But not a drop of snow.

Sunday, December 21, 2008

The Glory of God is Man Fully Alive

Last night my daughter and I managed to go to the Messiah to listen to the concert, rather than me singing in the chorus as I had originally planned. It really was a bit impressive, and I'm not just saying that. I wrote last year about how I was struck by "Oh Thou That Tellest Good Tidings to Zion" and how the text made me ponder the mysterious call that I have always felt to speak the "good tidings" to "Zion." I wrote last year how what stirred me was this command to speak, when I didn't really know what I was supposed to speak.

Listening to the exact same piece this year, the answer seemed so obvious to me. Let me see if I can say it as plainly as I felt it.

First, let me run those words past you again:

O thou that tellest good tidings to Zion, get thee up into the high mountain; O thou that tellest good tidings to Jerusalem, lift up thy voice with strength; lift it up, and be not afraid; say unto the cities of Judah, Behold your God! Arise, shine; for thy light is come, and the glory of the Lord is risen upon thee.
The answer that has become obvious to me is that for me to fulfill this command to speak means for me to simply be myself.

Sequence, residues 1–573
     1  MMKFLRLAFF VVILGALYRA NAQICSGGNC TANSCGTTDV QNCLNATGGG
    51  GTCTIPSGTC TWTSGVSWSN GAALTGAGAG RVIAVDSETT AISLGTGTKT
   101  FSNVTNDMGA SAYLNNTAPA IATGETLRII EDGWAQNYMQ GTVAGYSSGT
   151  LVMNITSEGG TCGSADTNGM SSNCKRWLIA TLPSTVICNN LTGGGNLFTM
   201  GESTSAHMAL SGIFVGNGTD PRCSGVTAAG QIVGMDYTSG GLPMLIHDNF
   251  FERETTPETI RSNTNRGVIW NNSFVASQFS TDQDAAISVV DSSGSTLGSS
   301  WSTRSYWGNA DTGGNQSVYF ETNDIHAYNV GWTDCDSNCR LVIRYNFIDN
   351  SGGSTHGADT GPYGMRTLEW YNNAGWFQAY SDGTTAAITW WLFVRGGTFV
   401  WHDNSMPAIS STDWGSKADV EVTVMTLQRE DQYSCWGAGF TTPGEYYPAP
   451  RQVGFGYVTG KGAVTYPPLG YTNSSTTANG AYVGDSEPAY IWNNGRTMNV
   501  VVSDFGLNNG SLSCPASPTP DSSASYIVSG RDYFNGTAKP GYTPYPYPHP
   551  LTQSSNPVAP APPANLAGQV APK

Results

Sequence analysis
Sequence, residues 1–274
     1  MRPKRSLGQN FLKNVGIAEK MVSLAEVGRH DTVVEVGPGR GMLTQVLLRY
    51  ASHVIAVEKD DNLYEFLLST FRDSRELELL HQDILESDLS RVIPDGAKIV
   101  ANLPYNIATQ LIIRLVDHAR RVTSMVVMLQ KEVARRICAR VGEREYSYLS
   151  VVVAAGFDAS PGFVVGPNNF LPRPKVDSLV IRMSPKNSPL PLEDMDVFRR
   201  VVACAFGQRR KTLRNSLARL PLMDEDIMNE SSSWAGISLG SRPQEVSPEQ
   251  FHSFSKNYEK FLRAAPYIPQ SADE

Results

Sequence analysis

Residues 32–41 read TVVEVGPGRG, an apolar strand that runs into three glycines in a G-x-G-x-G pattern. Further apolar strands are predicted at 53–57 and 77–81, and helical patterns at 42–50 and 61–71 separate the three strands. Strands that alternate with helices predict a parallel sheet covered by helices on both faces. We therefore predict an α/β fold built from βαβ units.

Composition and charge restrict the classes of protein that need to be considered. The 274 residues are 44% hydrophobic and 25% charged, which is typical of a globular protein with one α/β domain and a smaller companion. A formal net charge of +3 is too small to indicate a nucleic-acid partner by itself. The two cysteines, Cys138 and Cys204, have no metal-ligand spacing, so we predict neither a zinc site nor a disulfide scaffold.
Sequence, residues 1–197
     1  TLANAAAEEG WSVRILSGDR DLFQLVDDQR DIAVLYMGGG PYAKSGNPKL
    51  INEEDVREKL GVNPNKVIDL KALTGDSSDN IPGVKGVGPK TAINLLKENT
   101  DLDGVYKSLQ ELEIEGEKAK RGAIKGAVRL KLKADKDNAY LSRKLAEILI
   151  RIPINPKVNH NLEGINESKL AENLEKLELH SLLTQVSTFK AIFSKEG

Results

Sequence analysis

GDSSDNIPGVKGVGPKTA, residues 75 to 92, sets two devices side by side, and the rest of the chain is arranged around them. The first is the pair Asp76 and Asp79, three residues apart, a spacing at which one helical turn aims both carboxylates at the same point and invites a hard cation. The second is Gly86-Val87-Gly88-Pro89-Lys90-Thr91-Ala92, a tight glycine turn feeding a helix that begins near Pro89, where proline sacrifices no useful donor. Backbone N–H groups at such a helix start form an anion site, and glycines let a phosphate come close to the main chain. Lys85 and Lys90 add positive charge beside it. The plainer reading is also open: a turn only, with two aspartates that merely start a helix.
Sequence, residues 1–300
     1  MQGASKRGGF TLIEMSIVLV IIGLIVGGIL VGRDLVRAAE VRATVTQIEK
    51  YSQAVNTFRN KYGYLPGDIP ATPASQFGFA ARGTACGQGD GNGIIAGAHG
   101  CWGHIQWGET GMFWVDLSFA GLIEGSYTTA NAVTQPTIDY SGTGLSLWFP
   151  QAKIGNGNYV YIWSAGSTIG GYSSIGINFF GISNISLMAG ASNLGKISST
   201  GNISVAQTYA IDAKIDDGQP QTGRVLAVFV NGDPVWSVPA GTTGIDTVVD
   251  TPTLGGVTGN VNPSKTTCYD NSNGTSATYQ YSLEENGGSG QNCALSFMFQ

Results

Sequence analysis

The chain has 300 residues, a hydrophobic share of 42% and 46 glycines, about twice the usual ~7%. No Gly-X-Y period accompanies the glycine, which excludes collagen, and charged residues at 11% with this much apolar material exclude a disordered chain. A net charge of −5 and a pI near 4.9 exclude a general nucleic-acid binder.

Gloria Dei vivens homo: The glory of God is man fully alive. As far as I can tell, this quote first came from St. Irenaeus (from the 2nd century), but it was a favorite of Pope John Paul II, echoes in the writings of Vatican II, and is almost a summary essence of the heart of Fr. Giussani and the charism of CL. What does it mean? Glory is a very hard word to adequately define or fully paint, but it's not way off to say that the glory of God given on earth is the fulfillment of God's desire. When God is glorified, his purposes are being fulfilled.

When you take that view of glory and go back to these passages from Isaiah that Handel used, it becomes clear that they are Messianic texts. The light coming, the glory shining, the announcement to behold God -- they all point to a revelation of the Divine.

And after the fact, that is after the Messiah entered the world and the secret was out (that God's plan had been to reveal Himself through our very humanity by the Incarnation), Irenaeus was able to see it: This is what the glory of God is all about, man becoming fully alive. Jesus of course reveals the ultimate fully alive Man, and in Mary we see the seed of God's plan for the Church. This is the plan of the Trinity, accomplished through the Incarnation, the death and resurrection of Christ (and His ascension and the descent of the Holy Spirit). The plan is all about access to Divinity for every human person through the grace made available through the Church. The Church exists on earth so that every person may truly become fully alive, so that grace may work in our lives: soaking, healing, relieving, nourishing, reviving, as we together experience Him in our midst. Right here, right now, in this companionship, this family called the Church, this is where we meet Him and this is where the process begins. (And fortunately we're not doomed to have to complete all the soaking here on earth or be stuck forever! That's the glory of purgatory.)